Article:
National Education Policy Row; Explained

If you are of the opinion that you have already witnessed the stormy ideological battles in the Narendra Modi era, then you are mistaken. The speeches over intolerance and nationalism were only storms, but the thunderstorm that is going to play out more aggressive and which can even change the old landscape over the horizon, still awaits. The biggest battle in the next few months is going to be fought over the National Education Policy or simply putting, Education. While controversy’s favourite child, HRD Minister Smriti Irani is going to be its face, in the deep background, faceless people are at work.

new education policy indiaThe National Policy on Education was promulgated in 1968 by the government of the then Prime Minister Indira Gandhi, and the second by PM Rajiv Gandhi in 1986. Since then, several changes have taken place that calls for a revision of the Policy. The present Government of India is working to bring out all new National Education Policy that meets the changing dynamics of the population’s requirement with regards to quality education, innovation and research, aiming to make India a knowledge superpower by equipping its students with the necessary skills and knowledge, and to eliminate the shortage of manpower in science, technology, academics and relevant industries.

For the first time, the Indian Government is embarking on a time-bound grassroots consultative process which will enable the Ministry of HRD to reach out to individuals across the country through over 2.75 lakh direct consultations while also taking input from citizens online. It simply reflects that the the government and its ideological guides want to recast a system which they view as biased, antiquated, irrelevant for large swathes of the population and a refuge of work dodgers, beneficiaries of Congress-Left patronage and the rank incompetent.

Meetings have apparently been held in 94,000 villages across the country and more than 1.1 lakh written suggestions are being screened and processed.

new education policyAs per the New Education Policy, given below are the few changes that will be brought in the structure of education:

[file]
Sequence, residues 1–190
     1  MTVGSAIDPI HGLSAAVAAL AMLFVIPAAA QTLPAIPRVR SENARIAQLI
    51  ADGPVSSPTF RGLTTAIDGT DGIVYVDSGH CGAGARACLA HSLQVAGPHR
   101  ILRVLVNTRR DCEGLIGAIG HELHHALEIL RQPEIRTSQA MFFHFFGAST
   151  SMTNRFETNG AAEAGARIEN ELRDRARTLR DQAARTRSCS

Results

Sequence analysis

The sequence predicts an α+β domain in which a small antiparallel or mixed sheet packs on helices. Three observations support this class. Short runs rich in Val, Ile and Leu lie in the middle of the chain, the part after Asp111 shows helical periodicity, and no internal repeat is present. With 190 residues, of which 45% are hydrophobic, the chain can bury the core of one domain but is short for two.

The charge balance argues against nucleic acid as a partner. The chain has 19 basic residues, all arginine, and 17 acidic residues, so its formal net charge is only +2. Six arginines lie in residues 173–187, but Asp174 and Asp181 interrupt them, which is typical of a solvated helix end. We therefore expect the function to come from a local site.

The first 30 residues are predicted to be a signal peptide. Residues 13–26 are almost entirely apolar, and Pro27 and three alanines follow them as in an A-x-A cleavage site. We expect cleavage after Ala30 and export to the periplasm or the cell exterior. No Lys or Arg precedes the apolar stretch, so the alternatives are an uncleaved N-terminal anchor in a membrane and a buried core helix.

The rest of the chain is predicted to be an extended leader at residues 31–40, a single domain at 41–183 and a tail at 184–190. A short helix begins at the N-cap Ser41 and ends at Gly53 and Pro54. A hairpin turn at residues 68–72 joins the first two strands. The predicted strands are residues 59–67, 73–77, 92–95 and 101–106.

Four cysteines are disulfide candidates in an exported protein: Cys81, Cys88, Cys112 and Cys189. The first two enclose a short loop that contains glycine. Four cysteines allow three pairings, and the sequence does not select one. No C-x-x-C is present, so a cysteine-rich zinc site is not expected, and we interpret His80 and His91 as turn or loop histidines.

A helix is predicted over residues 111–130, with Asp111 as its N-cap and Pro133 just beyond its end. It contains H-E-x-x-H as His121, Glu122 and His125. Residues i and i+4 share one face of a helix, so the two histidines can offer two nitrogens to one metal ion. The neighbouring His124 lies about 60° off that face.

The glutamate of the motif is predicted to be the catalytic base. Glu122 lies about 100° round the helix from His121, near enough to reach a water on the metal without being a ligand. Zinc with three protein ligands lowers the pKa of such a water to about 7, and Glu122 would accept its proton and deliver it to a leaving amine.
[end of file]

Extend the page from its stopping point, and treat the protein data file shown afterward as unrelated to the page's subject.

• Vocational training will be made part of the core education.
  • Industrial Training Institutes (ITIs) may move from the periphery to the mainstream.
  • Navodaya Vidyalayas (NVs) – the residential schools for poor students in the ancient gurukul tradition have been proposed in every district.
  • The Sainik School network may be expanded to encourage more students to think of forces as a career.
  • Non-NET scholarships are distributed among women, minorities, disabled and backward castes; that there is last-mile utilization of funds, and that students get fellowships through direct benefit transfer.

But the content is the biggest issue. The new National Curriculum Framework, which is supposed to come later this year, could be explosive. Last year in the month of November, the Punjab and Haryana High Court asked NCERT to look into 182 supposed discrepancies and mistakes in Classes VI to XII history books. The argument was that certain shlokas from the Rig Veda and other scriptures had been mischievously translated to mean exactly their opposite. The Aryan invasion theory is being challenged too, along with interpretations of words like ‘dasa’ and ‘dasyu’.

In the namesake of feedback, public grievances from countrywide consultations on the New Education Policy (NEP) have been received but the five-member draft committee that was to submit its draft report by December 2015, is yet to make a submission.

Till three weeks ago, the committee was busy meeting individual stakeholders seeking opinion on NEP. The committee has so far missed three deadlines and is expected to take a few more months, before finalizing the draft.

The earlier education policies were formed keeping in view then suited needs of the country’s education sphere. The first policy of 1968 focused largely on equal opportunity and education for all, whereas in the second policy of 1986, need for expansion of higher education was discussed. The policy of 1992 focused on technical and professional courses.

For the first time in independent India, the Left-of-Centre narrative in education will be seriously challenged in the coming months; both structurally and in content. This is the battle of all battles and much controversies are in queue.

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